The Ontario Road Ecology Group (OREG)

Road ecology is the study of the interactions between the environment and roads. The Ontario Road Ecology Group (OREG) is a not-for-profit conservation program dedicated to protecting wildlife, particularly Species at Risk* (SAR) from the threats of roads; primarily habitat loss & fragmentation and direct mortality caused by wildlife/vehicle collisions. OREG works with government and non-government transportation planners, scientists, educators and organizations to protect biodiversity from the threats of roads through data collection, policy and public engagement.

*A Species at Risk is defined as any plant or animal threatened by, or vulnerable to extinction. (Source: Ontario Ministry of Natural Resources.)

A Guide to Road Ecology in Ontario (pdf)

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chaTurtle Sign Inventory & Evaluation: Do crossing signs work? Learn how you can help researchers answer this question…


Country road with green fields on either side.

Roads dominate landscapes around the globe and threaten: wildlife populations; soil, air and water quality; and the functioning of ecological processes.

Southern Ontario has the greatest density of people and roads and the highest Species at Risk richness in the province. The vast road network, high traffic volume and abundance of biodiversity in the region increase the probability of a wildlife/vehicle collision.

The Ministry of Transportation of Ontario (MTO) reports approximately 14,000 wildlife/vehicle collisions annually and acknowledges that many more go unreported, especially those with small wildlife, including Species at Risk (SAR) reptiles, amphibians, mammals and birds. The MTO is committed to moving people safely, efficiently and sustainably and supports SAR protection and recovery efforts as they relate to roads and transportation networks.

According to expert road ecologist Dr. Jochen Jaeger of Concordia University and colleagues, the 4 main threats of roads to wildlife are:

  • habitat loss
  • direct morality
  • inaccessibility to resources
  • population subdivision

Together, these four threats reduce population size and smaller populations are more vulnerable to local extinction (i.e. extirpation).

Roads provide access to once remote locations and facilitate illegal activities such as: wildlife poaching, wild fires (human-induced) and dumping.

Road ecology is a global concern that affects all taxa. Renowned conservationist Thomas Lovejoy reports that “roads are the seeds of tropical forest destruction.”

Geese crossing a busy highway.

Habitat Loss

Roads act as gateways to urbanization. When a road or highway is constructed it’s not only the swath of land dedicated to the route that is consumed, the area around is often developed.  

In addition to habitat loss, habitat quality is degraded. Pollution in the form of: litter, light, noise, chemical, heat and vibrations all lower habitat quality for local wildlife. For example, a population of frogs living beside a highway must expend more energy to call louder and more often to attract a mate over the ambient noise of traffic. Roads also facilitate the spread of invasive species. As traffic rushes by, the generated wind carries seeds of salt-resistant and pollution-tolerant plants along the length of the route. For example, the common reed Phragmites australis can be seen lining highway corridors for long stretches. The plant can then spread into neighbouring wildlife habitats where it out competes local biodiversity.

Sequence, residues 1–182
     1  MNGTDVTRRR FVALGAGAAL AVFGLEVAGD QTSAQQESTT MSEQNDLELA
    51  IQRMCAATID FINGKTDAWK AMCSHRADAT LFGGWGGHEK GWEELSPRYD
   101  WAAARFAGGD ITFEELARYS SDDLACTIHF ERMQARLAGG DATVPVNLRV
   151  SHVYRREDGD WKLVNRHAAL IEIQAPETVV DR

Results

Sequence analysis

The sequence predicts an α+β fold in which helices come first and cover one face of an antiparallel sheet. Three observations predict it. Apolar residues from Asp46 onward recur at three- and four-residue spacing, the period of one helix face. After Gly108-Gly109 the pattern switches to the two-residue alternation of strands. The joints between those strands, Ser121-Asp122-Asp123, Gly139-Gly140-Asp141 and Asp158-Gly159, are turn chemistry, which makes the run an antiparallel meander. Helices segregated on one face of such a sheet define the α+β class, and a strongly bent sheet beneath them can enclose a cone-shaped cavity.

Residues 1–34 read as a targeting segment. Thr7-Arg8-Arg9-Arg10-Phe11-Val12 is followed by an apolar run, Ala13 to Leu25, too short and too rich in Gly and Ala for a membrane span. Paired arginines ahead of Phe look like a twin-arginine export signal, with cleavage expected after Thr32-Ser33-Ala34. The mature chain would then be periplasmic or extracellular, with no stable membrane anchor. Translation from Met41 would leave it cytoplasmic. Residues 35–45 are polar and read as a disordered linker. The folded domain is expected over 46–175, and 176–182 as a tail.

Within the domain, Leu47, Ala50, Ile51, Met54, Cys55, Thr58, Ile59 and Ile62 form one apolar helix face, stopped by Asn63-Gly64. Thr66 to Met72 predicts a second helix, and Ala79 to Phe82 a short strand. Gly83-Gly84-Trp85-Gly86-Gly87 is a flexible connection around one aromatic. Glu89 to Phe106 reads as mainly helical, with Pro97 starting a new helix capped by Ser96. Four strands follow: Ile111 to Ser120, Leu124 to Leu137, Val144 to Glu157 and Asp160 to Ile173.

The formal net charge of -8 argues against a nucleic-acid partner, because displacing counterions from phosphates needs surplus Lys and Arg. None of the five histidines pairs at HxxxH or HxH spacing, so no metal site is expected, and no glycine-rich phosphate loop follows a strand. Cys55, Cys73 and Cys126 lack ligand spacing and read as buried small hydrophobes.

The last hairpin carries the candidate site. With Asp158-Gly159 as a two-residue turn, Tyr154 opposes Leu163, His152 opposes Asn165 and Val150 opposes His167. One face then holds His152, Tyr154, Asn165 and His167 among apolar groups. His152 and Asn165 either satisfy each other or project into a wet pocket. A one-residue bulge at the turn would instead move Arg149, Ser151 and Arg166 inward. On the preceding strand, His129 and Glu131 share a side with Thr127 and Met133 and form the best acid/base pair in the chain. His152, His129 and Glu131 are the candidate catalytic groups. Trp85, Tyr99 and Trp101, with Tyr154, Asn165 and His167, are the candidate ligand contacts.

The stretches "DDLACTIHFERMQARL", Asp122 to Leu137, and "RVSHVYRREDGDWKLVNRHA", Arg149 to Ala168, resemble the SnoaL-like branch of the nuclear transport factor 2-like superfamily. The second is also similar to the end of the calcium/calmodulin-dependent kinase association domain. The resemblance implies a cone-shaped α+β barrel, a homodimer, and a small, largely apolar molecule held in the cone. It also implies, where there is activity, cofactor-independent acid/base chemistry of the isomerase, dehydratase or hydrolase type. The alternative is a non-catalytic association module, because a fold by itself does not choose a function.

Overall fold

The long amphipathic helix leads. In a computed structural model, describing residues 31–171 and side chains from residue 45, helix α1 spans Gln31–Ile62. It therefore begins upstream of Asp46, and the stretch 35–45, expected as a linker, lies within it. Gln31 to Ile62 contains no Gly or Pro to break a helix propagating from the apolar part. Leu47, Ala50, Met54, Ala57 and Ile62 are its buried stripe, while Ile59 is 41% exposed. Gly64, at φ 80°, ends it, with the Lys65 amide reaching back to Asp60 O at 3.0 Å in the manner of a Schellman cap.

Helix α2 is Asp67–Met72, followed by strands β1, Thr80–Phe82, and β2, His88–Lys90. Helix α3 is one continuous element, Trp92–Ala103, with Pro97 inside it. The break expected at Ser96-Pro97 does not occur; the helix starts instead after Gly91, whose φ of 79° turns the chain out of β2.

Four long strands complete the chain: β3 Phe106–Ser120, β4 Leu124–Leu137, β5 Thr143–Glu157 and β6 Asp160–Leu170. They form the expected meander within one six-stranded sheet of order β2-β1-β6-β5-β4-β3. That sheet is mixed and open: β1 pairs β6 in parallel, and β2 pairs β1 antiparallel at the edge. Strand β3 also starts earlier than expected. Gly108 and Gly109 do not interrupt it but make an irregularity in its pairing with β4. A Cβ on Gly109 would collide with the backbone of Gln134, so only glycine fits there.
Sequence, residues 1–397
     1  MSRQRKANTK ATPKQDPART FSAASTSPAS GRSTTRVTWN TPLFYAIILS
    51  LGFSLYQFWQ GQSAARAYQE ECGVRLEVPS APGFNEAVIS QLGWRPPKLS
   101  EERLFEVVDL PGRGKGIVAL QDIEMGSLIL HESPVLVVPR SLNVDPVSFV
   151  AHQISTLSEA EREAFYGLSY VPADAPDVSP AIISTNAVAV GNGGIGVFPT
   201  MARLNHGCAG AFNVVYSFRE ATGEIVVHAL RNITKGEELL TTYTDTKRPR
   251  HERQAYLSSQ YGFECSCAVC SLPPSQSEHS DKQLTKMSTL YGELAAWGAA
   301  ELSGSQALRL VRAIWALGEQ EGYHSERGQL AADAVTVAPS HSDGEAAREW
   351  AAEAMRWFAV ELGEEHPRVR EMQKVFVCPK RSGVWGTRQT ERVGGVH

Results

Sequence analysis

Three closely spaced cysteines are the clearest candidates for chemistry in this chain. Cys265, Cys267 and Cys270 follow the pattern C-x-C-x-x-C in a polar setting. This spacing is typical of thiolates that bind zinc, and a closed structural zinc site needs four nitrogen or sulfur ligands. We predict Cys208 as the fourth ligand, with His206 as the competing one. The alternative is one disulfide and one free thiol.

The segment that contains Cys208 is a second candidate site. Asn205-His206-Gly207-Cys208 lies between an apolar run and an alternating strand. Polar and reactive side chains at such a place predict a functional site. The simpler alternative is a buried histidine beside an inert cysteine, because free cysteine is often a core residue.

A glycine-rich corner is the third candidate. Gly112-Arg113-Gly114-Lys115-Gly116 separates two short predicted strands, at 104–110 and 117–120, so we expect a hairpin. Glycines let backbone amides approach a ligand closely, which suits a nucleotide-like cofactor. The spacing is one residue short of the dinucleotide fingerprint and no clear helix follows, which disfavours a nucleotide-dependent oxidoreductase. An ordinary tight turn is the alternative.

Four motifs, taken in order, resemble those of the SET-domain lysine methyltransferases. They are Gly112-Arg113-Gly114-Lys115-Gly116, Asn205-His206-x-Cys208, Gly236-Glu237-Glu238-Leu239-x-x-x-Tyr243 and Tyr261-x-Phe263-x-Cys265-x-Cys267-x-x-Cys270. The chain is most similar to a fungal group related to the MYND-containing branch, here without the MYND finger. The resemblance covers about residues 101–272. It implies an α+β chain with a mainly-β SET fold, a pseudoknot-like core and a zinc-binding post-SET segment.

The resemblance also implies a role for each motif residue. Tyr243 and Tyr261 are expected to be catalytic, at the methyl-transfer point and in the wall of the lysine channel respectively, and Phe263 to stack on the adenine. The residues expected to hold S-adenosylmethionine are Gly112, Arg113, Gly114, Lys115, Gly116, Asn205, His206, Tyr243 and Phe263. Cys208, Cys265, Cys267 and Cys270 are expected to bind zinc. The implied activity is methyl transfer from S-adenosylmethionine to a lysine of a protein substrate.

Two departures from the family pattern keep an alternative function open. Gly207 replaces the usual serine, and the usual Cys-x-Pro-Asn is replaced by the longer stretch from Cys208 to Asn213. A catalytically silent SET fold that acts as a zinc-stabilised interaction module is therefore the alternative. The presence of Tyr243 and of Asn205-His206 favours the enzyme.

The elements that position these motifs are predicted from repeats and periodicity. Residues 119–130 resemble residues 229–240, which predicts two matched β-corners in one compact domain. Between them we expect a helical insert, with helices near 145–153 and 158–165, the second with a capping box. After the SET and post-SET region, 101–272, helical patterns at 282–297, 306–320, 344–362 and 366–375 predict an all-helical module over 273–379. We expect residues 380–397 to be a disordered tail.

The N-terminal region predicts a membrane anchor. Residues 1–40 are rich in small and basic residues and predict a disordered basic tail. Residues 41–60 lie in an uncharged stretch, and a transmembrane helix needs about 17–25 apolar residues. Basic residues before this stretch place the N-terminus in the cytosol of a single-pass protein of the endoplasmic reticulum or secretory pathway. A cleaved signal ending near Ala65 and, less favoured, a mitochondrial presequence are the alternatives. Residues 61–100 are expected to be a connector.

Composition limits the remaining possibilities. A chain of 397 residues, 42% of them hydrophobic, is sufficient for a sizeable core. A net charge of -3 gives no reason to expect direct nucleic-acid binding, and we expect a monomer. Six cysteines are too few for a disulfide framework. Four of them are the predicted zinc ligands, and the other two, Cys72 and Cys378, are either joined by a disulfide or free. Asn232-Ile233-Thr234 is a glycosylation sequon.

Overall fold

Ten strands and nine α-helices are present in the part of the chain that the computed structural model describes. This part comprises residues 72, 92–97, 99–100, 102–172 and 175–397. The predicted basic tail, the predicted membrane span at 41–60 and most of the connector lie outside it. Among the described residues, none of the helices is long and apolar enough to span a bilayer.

Deer dead in the ditch beside a road.

Direct Mortality

Direct mortality caused by wildlife/vehicle collisions can drastically lower local biodiversity. In addition, wildlife on the road is a hazard to humans. A collision with a large animal (e.g. moose) may be fatal for motorists and swerving to avoid small wildlife (e.g. turtle) may result in an accident. The costs (e.g. insurance, road clean up, time lost in the transport of goods and services) represent hundreds of millions of dollars annually in Canada.

Inaccessibility to Resources

Roads fragment the landscape and may prohibit animals from accessing critical resources such as food, shelter and mates.

Ditch filled with water and lilypads.

Population Subdivision

When populations are sub-divided and gene flow is reduced or ceases, populations are more vulnerable to succumbing to extreme environmental events (e.g. flooding, drought, disease, etc.).


Deer standing in thick bushes and trees.

The province of Ontario and various regional and municipal governments are seeking the principles and practices of road ecology to help achieve sustainable growth objectives and contribute to province-wide Species at Risk protection and recovery efforts.  

Using a multidisciplinary approach to develop a sustainability strategy is imperative. Collaboration among planning (transportation and environment), traffic and GIS departments and local ecologists from conservation authorities are necessary to identify priority sites, target species and mitigation options and opportunities. Through research, innovation, mitigation implementation and monitoring, transportation networks can function efficiently and in harmony with wildlife.  

There are many mitigation options available to planners that include:

  • road closures
  • wildlife crossing signs
  • reduced speed limits
  • rumble strips
  • speed bumps
  • exclusion fencing and ecopassages
  • route placement (i.e. avoid fragmenting wildlife habitat and bundle modes of transportation,e.g. road and rail, to maximize available habitat)
  • road design elements: